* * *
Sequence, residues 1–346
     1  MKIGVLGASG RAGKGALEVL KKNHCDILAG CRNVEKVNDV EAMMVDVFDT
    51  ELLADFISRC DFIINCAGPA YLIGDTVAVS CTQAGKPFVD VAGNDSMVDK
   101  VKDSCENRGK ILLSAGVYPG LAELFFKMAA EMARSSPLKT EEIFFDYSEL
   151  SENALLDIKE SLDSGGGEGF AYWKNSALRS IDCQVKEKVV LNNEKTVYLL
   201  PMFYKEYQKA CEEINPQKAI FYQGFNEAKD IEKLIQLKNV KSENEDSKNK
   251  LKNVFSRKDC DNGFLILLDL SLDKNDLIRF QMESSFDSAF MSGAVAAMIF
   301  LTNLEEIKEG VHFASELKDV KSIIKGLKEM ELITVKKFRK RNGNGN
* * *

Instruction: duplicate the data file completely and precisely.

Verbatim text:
Sequence, residues 1–346
     1  MKIGVLGASG RAGKGALEVL KKNHCDILAG CRNVEKVNDV EAMMVDVFDT
    51  ELLADFISRC DFIINCAGPA YLIGDTVAVS CTQAGKPFVD VAGNDSMVDK
   101  VKDSCENRGK ILLSAGVYPG LAELFFKMAA EMARSSPLKT EEIFFDYSEL
   151  SENALLDIKE SLDSGGGEGF AYWKNSALRS IDCQVKEKVV LNNEKTVYLL
   201  PMFYKEYQKA CEEINPQKAI FYQGFNEAKD IEKLIQLKNV KSENEDSKNK
   251  LKNVFSRKDC DNGFLILLDL SLDKNDLIRF QMESSFDSAF MSGAVAAMIF
   301  LTNLEEIKEG VHFASELKDV KSIIKGLKEM ELITVKKFRK RNGNGN